Gary Birnbaum, MD
Yes? No? Maybe? Making treatment decisions during the coronavirus pandemic
Updated: Aug 13, 2020
A list of summarized articles is
at the end of this posting.
There are at least four critical questions that persons with MS may wish to have answered during the corona virus (SARS-CoV-2) pandemic. First, does having MS increase susceptibility to infection with SARS-CoV-2? Second, does being on a disease-modifying therapy for MS increase the risk of having a severe case of the virus induced disease, COVID-19? Third, what are the best choices for starting a disease-modifying therapy during the SARS-CoV-2 pandemic? Fourth, are changes necessary to the dosing of current disease-modifying therapies during this pandemic?
My response to the above questions is based upon my review of the 16 articles I found after searching the US National Library of Medicine for studies dealing with how to utilize MS therapies during the coronavirus pandemic. Please be aware that most of recommendations are based on results with small numbers of individuals with no data from controlled trials and conjectures based on the pathology of COVID-19 and the mechanisms of action of the disease-modifying therapies.
Question #1: Having MS alone does not increase the risk of infection with coronavirus. Question #2: Most MS-related disease-modifying therapies have little effect on the risk of more severe disease with COVID-19, but this varies with the disease-modifying therapy. Question #3: Persons with active MS should be treated with a disease-modifying therapy during the coronavirus pandemic. The choice of drug will vary, based upon that individual’s course of disease, the presence of other illnesses, and that individual’s risk tolerance. Question #4: If a persons with MS becomes infected with coronavirus and develops COVID-19, modifications of dosing of particular disease-modifying therapies may be needed to minimize the risk of worsening COVID-19.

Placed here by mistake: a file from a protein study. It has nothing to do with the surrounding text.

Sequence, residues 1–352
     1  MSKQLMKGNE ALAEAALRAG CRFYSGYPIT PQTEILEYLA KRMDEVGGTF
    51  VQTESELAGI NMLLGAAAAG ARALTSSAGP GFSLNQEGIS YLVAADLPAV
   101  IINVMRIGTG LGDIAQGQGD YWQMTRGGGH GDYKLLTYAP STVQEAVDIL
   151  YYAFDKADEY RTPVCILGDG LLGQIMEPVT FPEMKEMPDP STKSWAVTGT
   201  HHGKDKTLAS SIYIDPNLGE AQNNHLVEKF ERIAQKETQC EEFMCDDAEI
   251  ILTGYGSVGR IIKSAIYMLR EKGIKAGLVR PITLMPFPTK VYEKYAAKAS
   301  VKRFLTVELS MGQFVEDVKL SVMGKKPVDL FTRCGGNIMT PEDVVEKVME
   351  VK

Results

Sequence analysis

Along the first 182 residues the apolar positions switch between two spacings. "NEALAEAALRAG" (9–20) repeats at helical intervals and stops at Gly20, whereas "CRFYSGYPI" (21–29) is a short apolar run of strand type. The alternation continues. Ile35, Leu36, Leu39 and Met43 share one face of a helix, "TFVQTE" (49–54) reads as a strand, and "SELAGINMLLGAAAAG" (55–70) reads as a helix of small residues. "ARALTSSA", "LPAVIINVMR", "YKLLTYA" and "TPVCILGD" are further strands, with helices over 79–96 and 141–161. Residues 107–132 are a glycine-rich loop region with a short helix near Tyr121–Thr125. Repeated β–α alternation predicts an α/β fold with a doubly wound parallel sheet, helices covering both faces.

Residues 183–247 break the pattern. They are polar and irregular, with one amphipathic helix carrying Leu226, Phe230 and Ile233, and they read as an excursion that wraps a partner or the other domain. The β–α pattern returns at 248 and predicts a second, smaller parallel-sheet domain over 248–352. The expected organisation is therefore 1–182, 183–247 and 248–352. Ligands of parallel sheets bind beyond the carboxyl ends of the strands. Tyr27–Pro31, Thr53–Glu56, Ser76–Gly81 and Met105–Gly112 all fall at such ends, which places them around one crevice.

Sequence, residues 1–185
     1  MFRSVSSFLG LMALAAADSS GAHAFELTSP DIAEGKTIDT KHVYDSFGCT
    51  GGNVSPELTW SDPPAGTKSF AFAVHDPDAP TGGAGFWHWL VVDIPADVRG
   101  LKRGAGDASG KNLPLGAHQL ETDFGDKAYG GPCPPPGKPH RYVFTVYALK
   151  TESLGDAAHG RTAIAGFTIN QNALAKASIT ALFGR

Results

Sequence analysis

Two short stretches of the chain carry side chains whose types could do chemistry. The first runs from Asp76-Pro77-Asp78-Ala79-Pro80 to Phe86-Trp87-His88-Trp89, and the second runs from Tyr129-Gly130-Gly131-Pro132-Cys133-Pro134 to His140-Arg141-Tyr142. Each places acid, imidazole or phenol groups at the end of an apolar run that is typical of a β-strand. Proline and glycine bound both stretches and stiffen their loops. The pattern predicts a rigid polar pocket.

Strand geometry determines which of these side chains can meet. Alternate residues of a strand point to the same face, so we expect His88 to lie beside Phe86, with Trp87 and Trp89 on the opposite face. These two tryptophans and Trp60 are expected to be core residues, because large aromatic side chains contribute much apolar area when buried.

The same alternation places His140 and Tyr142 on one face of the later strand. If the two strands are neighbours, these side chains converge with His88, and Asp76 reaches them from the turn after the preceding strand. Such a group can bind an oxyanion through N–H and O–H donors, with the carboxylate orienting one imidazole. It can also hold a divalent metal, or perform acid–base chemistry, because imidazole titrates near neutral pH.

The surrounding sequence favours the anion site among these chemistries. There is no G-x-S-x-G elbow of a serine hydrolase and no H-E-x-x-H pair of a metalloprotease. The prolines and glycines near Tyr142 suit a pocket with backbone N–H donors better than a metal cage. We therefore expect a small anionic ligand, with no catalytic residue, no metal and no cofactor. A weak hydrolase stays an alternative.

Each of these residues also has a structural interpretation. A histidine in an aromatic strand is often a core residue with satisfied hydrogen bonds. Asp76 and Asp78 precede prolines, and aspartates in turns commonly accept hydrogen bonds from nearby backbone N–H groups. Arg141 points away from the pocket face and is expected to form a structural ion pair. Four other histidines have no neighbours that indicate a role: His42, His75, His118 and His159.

Take Home Points:
1. There was consensus among the above articles that having MS per se does not increase the risk of becoming infected by the coronavirus, or necessarily having more severe disease.
2. Risks of more severe COVID-19 is increased if there are other diseases (“co-morbidities”) or behaviors. These include obesity, high blood pressure, lung disease, diabetes, smoking, older age, or more severe MS-related physical disability.
3. There are two phases to infection with the coronavirus. The first is a direct attack of the virus on cells of the body, especially cells in the lungs, but other organs too, including the brain. The second phase is the response of the person’s immune system to the viral infection.
4. In many viral infections the immune system plays a major role in eliminating a virus. This is usually the result of the action of particular immune cells, such as CD8+ T cells, monocytes, macrophages and natural killer cells or NK cells. B cells play a more modest initial role in controlling a viral infection. Their main benefit comes later in the infection from the production of anti-viral antibodies.
5. While the immune system plays a major role in combating infection with coronavirus, in some persons the immune system “overreacts,” releasing large amounts of toxic chemicals called cytokines. This phenomenon is called a “cytokine storm” and results in greatly increased tissue injury. In some cases this is sufficient to cause death.
6. Several of the papers noted that disease-modifying therapies that decrease immune responsiveness may be of benefit in coronavirus infection by reducing the risks of a “cytokine storm.” A clinical trial of the sphingosine-1-phosphate receptor modulator fingolimod is being studied in China to see if this drug can reduce lung injury in very ill COVID-19 patients. Data with other disease-modifying therapies are not available at this time.
7. Caution was advised regarding the immediate use of steroids to treat worsening symptoms of MS. Infection with the SARS-CoV-2 virus that causes COVID-19 often causes a fever, worsening MS symptoms and looking like an MS attack. Before considering treatment of a presumed MS relapse with steroids, any worsening of MS symptoms should first be evaluated for signs of infection. In the case of SARS-CoV-2 this would involve nasal swab analysis looking for the presence of coronavirus RNA.